The Duke stared at him skeptically. Ellik’s smile grew broader. “A proof of my loyalty,” he said quietly. “Offered with no conditions attached. ” He rose as gracefully as a maiden and returned to the wine cupboard. This time he returned with a small paper packet tied with string. He squatted before the Duke and pulled the string from its knot. As he unfolded the oiled paper, a once-familiar smell rose to the Duke’s nostrils.

  “Jerky?” he asked, torn between incredulity and offense. “You offer me jerky? A foot soldier’s rations?”

  “The only way to preserve it for the journey was to salt and smoke it. ” Ellik held the opened paper like a blown blossom in the palm of his hand. In the center of it was a small square of blue scaled flesh, smoked to a dark red. “The meat of an Elderling. Not a dragon. I could not obtain that for you . . . yet. But I offer you what I am told is the smoked meat of a creature that is part dragon. In the hopes that it may restore you to health. ”

  The Duke looked at it silently for a time.

  Ellik spoke softly. “Command me to eat it, and I will. It is not poisoned. ”

  The thought had been in his mind. He thought of commanding his chancellor to divide it and eat his portion first. But it was not a large piece of meat, and his infirmities were many. If he ate it and it poisoned him, he would die. But if he commanded Ellik to eat half of it first, and then discovered that it had the efficacious power he hoped for, there might not be enough left to do him any good. He reached for the meat, his bony fingers trembling like the feelers of an ant. He lifted it up and sniffed it. Ellik’s gaze was steady on him.

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  He put the smoked flesh in his mouth. The flavor of the smoke and salt, the texture of the dried meat carried him back to his days as a young warrior. He closed his eyes. He had not been the Duke then. He had been Rolenbled the swordsman, the fourth son of the Duke of Chalced. With his sword he had proven himself to the enemies of Chalced and to his father. And when his elder brothers had risen against his father, plotting to kill him and divide the rule of Chalced among themselves, he had denounced them to his father and stood at his side as the Duke slew his other sons. In blood he had risen, on proven loyalty.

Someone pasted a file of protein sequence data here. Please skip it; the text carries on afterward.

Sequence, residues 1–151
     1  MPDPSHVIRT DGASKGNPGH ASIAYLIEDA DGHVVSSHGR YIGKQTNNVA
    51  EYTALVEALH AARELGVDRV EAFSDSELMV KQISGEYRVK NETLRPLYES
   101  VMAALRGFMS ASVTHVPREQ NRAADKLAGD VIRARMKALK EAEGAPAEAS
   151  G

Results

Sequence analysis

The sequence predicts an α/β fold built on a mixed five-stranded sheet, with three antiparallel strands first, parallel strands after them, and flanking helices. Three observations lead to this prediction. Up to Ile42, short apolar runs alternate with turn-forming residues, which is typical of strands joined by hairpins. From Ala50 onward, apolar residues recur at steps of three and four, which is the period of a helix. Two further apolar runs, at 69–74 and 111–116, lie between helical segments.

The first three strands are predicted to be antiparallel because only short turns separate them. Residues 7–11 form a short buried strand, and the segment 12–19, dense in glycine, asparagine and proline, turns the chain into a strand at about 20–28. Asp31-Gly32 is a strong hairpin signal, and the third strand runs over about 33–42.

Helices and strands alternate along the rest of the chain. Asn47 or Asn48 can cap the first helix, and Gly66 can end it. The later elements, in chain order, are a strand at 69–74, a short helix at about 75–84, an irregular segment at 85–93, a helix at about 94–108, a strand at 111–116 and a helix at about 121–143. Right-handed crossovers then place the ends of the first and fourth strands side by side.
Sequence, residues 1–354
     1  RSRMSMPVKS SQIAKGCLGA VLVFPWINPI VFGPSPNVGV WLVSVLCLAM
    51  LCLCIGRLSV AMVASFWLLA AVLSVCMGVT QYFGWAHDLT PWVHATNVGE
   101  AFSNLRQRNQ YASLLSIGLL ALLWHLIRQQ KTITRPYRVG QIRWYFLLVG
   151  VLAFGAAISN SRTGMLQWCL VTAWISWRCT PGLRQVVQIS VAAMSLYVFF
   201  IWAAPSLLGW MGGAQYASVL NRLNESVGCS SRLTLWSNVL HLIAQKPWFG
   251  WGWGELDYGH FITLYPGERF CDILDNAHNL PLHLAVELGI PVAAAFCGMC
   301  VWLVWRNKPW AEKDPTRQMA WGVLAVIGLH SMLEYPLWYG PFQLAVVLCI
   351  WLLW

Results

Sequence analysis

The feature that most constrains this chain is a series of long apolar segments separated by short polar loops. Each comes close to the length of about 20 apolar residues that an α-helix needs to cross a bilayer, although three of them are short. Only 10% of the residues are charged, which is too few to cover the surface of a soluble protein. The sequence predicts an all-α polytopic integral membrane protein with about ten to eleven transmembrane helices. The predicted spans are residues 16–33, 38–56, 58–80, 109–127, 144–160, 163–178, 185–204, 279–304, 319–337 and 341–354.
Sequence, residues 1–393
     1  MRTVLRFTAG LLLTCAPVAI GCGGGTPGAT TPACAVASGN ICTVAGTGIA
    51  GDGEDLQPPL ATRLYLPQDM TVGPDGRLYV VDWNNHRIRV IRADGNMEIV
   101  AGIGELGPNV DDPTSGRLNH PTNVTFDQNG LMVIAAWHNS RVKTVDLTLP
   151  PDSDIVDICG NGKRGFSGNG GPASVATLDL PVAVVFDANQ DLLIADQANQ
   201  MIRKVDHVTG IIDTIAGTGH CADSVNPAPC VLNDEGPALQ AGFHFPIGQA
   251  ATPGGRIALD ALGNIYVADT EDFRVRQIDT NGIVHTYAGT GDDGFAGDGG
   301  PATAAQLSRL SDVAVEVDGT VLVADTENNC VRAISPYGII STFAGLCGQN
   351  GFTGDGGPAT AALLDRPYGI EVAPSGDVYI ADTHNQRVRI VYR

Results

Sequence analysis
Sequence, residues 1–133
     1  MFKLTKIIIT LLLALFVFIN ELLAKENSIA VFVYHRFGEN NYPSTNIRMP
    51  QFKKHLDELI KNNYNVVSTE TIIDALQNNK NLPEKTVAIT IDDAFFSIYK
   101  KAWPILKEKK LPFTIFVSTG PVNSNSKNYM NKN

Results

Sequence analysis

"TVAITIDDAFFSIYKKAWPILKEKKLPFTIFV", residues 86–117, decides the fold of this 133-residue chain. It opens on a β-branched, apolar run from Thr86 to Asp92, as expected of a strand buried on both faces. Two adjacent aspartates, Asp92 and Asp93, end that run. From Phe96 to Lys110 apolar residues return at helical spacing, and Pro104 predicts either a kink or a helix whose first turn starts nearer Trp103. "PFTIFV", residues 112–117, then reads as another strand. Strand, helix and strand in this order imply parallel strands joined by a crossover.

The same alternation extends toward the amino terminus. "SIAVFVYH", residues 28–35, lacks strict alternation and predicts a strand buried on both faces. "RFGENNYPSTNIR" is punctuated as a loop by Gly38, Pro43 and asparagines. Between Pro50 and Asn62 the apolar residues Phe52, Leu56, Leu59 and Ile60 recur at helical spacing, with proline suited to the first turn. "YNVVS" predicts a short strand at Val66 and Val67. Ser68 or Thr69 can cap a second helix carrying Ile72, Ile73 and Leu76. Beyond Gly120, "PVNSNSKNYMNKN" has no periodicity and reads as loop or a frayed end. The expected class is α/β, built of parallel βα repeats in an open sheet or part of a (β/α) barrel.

He opened his eyes. The room seemed brighter than it had. He looked down at the crumpled paper clutched in his hand. Only paper, not the hilt of a sword. A trifling ability, being able to crumple paper into a wad with one hand. Also one that he had not had for some time. He took a deeper breath and sat a little straighter. Ellik was regarding him with a smile.

  “Bring me your dragon man, and you will have my daughter. ”

  Ellik took a deep breath and abruptly bowed low, touching his forehead to the floor.

  The Duke nodded to himself. The man was as good as a son to him. And like a son, if his loyalty proved false, he could kill him. His smile deepened.



  Icefyre liked hunting the rough hills that bordered the desert. He was adept at following the contours of the land in flight. He glided close to the ground, sometimes barely skimming the pungent gray-green brush that cloaked the rocky foothills. When his black wings moved, it was in deceptively lazy, powerful downstrokes. He was as silent as the shadow that floated over the uneven terrain below him.

  His was an excellent hunting technique. The two dragons had been here since spring, and the large game animals that had once had no fear of the sky had learned to keep a wary watch overhead now. Icefyre’s tactic carried him soundlessly over low rises. He fell on creatures basking in noon sunlight in the sheltered canyons before they knew he was there.

  It did not work as well for Tintaglia. She was smaller and still practicing the sort of flight skills that Icefyre had mastered hundreds of years ago. Even before he had been trapped in ice for an extended hibernation, he had been an old dragon. Now he was ancient beyond belief, the sole surviving creature who could recall the time of the Elderlings and the civilization the two races had built together. He recalled, too, the cataclysmic eruptions and the wild disorder that had ended those days. Humans and Elderlings had died or fled. He’d seen the sc